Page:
September 24, 2019 — 5 min read
How did the UK get to the situation that we are in now? The birth of Brexit is a fascinating tale that really can be said to have been started some 45 years ago….
Towards the end of the post-World War II economic expansion (~1945-1960), the treaty of Rome was signed which in a real sense established the European Economic Community (EEC). The same sentiment that drove so much of US post-war economics – a singular drive to foster cooperation and growth between nations in the spirit of rebuilding financial framework – drove the complicit nations to create the EEC. Certainly, the cultural lacerations of the war were felt for some period afterwards. Readers will perhaps recall the advertising of the era which heavily centred around the nucleic family ideals with large, family cars for all and traditional values being the main theme. It was proffered that nations who trade together probably won’t fight with each other so readily, and so the pre-cursor to the European Union was born.
The UK made an application to belong to the EEC in 1963, but this application was vetoed by French President Charles de Gaulle, believing that the UK would side with the Americans in all things political not truly being an advocate for European issues. It wasn’t for another 10 years that we finally made the cut and became a member of the Community. No sooner had the UK joined the EEC, than it was almost immediately reviewing the validity of the decision and a referendum was held. The answer was a resounding ‘Yes’ – 67% of the vote was positively committed to remaining. Interestingly, (as it is still doing today) the issue split the Labour party which fractured to evolve into two separate parties.
1984: Margaret Thatcher led the charge to renegotiate the terms on which the UK engaged with the EEC. This was a very different Britain on very different terms - at the time being the second or third poorest member of the EEC and paying an over-representative level of levies because of the comparatively few number of farms (at this time agricultural subsidies were hugely the majority of EEC outgoings). And so, the Iron Lady promised to change things and present a more fair trade relationship for the Isles and she can be said to have been successful as her negotiated reduction from around 20% contribution from the UK to around 12% contribution remains to this day.
As Tony Blair assumed his leadership duties in the late 90s with a pro-European agenda, he set about rebuilding the relationships and trade ties with the now-called EU. However, this period in terms of trade was tough and the conversations abrasive at best. ‘Mad cow’ disease prevented the UK from exporting beef to the EU and, following this, further trade vitriol manifested in the form of trade restriction battles, involving a range of goods to be exported to the EU (at one stage, it was claimed that Cadbury’s chocolate was not real chocolate and should be labelled ‘chocolate substitute’ or even ‘vegelate’). These trade difficulties lasted a long time but did eventually result in a victory for Britain in the European Court of Justice.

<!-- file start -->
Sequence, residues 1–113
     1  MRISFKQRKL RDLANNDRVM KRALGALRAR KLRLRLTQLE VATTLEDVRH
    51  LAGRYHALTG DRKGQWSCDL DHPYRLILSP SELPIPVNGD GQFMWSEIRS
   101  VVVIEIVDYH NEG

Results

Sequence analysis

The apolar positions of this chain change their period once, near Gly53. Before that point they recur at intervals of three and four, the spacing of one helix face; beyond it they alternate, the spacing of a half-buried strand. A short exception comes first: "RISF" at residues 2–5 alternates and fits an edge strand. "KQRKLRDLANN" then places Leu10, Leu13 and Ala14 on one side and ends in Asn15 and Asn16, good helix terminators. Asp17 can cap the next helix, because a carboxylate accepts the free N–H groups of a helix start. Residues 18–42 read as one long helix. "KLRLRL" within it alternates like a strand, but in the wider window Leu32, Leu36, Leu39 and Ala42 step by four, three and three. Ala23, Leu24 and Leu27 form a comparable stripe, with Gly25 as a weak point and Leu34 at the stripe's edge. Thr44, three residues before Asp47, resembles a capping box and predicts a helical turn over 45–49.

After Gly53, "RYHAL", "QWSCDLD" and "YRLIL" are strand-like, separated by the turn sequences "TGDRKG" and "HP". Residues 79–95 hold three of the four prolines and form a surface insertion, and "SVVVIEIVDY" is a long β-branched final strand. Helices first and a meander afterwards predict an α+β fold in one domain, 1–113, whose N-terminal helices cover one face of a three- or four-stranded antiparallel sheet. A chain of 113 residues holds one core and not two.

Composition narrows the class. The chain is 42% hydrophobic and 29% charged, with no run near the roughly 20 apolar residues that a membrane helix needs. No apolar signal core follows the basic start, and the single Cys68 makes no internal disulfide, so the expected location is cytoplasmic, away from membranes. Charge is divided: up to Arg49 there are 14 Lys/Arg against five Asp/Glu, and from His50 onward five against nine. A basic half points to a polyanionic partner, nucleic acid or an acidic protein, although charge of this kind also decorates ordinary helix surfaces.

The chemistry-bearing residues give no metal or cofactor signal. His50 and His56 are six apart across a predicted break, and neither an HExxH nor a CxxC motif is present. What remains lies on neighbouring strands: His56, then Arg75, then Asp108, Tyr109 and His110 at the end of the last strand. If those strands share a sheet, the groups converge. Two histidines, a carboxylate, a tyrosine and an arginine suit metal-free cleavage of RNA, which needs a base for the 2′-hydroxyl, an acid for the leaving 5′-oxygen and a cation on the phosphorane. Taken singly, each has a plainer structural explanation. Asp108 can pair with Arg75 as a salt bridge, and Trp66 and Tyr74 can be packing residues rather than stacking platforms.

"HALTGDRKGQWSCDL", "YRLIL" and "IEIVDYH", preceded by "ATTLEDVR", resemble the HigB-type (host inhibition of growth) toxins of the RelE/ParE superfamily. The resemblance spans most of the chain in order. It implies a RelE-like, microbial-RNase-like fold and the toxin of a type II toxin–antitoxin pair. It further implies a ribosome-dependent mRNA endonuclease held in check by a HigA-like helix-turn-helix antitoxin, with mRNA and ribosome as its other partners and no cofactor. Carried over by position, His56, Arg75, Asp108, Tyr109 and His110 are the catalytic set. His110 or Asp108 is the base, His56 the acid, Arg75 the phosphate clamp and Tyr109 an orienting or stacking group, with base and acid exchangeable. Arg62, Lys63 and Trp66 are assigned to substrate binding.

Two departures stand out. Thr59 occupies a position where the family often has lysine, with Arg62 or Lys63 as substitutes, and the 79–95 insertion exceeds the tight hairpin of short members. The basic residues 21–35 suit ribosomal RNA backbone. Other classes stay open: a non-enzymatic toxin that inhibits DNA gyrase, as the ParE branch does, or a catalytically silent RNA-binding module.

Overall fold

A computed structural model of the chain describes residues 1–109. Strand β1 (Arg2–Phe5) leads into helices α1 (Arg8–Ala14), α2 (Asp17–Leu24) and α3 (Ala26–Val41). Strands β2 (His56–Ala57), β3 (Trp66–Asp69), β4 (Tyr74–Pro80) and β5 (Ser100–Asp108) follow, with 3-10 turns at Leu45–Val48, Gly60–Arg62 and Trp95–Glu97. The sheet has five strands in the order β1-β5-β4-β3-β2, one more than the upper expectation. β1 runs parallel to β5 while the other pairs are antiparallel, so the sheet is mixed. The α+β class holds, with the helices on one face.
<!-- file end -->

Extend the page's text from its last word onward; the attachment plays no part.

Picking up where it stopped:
So, to the Global Financial Crisis in 2007, and the building of a shifting attitude towards EU membership. It is in this period of economic underperformance of the EU as a whole that David Cameron gave a speech identifying clear issues in the bloc and promising to renegotiate the terms of our involvement with the Union. These economic stresses and a burgeoning migrant crisis led to a slow but steady building of support for the idea that, perhaps, Britain might be better off on its own. It is in this period, in particular, that the ‘godfathers of Brexit’ Dominic Cummings and Daniel Hannan delivered their most compelling and tactical messages – including NHS based financial rhetoric (£350m-a-week…) and the slogans that now characterise the Leave campaign.
The turnout for the referendum was high. Voters that hadn’t voted in decades returned to register given that every vote mattered (by contrast to voting in, for example, Labour/Conservative party saturated constituencies) and 30 million people voted. The result was slim, 51.9% to 48.1% in favour of leaving.
And that’s when the real arguing began…
Major rates at the time of writing:
GBPEUR – 1.1309
GBPUSD – 1.2426
EURUSD – 1.0988
Rates have been largely range bound day-on-day with the majors printing rates that are almost the same today as we wrote on opening yesterday. There is not a great deal of economic data due out today, so the Labour Party annual meeting and Boris Johnson’s US visit could provide some hints toward fundamental changes.
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